How Do Diamond Blades Work?

Diamond blades don't cut - they grind their way through the substance to be cut.

There are diamond crystals exposed on the edges and sides of the segments encased in their "bond" and these crystals do the grinding work as the blade rotates on the arbor of the machine.

The bond locks each crystal in place and behind each diamond crystal there is a tail of bond that helps support the diamond segment and lock it in place. The grinding process causes the substance being cut to be converted into a fine powder, while the bond also wears away exposing more diamonds to complete the work.

As the cut material wears away the bond, the diamond crystals crack and fracture into tiny pieces that also assist in the grinding process. Harder materials break down the diamond structure faster, requiring a more concentrated array of diamonds in the bond. This continuous grinding and wearing process continues until the blade is "worn out" although sometimes a small, unusable part of the segments or rim may remain.

It is important to understand that the diamond blade and the material must work together for the blade to cut effectively. The diamond type, quality and grit size must be suited for the saw and the material. The bond material must also be matched to the material to be cut.

Undercut protection is usually found on floorsaw blades. If the blade cuts through what it is supposed to be cutting (for example asphalt) and cuts into road base the indercut segment protects the area where the segments join the blade body. Without undercut protection, this could cause the loss of a segment, potentially hitting the operator or bystanders.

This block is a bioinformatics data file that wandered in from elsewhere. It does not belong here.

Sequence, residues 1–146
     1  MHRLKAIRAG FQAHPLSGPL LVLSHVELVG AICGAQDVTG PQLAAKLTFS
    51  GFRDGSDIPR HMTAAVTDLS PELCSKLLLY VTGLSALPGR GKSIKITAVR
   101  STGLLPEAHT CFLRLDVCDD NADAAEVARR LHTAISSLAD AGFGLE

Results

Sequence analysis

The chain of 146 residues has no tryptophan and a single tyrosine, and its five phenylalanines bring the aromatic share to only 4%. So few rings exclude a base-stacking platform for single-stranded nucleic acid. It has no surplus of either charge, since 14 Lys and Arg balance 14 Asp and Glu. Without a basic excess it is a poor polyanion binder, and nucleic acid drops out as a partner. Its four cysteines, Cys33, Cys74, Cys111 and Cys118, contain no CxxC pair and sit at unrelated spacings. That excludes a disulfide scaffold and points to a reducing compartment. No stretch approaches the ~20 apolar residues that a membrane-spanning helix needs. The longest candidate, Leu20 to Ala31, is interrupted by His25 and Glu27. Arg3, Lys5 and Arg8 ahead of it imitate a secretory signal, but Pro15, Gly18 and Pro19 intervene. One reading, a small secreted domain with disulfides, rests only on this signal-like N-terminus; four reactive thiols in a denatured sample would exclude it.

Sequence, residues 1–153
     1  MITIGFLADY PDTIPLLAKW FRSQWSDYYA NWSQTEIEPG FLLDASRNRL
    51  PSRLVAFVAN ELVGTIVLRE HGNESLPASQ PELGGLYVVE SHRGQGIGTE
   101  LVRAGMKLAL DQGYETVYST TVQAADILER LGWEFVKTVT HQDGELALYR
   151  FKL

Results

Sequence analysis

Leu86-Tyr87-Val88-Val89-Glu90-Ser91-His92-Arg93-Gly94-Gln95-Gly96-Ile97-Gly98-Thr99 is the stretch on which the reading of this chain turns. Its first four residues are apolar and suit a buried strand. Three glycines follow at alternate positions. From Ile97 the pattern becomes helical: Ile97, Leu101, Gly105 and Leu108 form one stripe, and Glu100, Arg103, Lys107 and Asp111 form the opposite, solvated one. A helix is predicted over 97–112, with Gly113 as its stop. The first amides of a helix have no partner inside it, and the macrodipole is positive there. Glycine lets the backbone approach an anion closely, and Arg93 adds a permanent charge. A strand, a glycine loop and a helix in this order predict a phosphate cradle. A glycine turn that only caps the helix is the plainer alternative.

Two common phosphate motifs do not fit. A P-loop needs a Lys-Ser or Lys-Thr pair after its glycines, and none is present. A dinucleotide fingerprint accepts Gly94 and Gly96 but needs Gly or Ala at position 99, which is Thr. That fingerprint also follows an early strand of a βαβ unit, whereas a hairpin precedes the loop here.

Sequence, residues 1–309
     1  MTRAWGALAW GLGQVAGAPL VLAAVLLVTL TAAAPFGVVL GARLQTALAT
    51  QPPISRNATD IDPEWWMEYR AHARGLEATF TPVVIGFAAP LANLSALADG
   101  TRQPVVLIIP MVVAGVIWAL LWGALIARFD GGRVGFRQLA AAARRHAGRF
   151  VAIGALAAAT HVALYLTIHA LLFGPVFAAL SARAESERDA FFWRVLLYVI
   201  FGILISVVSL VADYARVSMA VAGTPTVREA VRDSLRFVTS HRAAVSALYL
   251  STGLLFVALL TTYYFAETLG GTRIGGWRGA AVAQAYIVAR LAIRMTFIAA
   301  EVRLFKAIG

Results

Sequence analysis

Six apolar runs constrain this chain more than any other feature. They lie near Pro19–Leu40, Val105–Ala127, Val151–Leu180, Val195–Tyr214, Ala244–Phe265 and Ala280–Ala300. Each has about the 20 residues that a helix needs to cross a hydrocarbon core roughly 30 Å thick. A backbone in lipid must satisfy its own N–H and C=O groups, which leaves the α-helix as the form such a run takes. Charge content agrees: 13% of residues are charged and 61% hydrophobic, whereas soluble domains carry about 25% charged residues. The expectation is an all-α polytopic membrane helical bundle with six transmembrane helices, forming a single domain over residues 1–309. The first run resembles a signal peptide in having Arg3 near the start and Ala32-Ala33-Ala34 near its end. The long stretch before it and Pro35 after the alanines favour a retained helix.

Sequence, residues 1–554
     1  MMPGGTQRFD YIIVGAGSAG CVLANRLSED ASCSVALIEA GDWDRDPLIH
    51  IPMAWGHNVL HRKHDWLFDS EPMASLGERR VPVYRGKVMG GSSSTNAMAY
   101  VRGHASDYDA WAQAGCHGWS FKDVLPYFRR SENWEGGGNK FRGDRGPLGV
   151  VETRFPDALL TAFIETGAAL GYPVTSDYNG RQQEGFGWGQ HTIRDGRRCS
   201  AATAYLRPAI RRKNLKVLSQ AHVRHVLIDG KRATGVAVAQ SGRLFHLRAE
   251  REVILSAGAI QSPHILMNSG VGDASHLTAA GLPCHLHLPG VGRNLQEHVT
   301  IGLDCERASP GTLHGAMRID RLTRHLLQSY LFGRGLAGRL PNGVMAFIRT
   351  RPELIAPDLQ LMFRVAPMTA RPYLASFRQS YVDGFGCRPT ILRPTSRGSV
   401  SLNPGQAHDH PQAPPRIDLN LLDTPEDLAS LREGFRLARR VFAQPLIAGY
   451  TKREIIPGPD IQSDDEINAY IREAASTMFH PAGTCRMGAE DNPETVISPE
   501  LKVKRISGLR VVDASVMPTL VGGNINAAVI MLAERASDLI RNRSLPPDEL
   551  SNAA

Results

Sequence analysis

Water is always recommended for use with diamond blades. It significantly cools a blade, increasing its life. Using water also reduces dust production. When cutting, the water combines with the dust to create an abrasive slurry, which assists with cutting. Too much water washes the slurry away and slows cutting, but too little can cause overheating. Cut back the water to "open" a glazed blade (ie allow the diamond to be exposed again, allowing efficient cutting to recommence) or when cutting through reo bars in concrete. Alumina ceramic overheat very easily, so they need lots of water, otherwise the alumina ceramic cracks.
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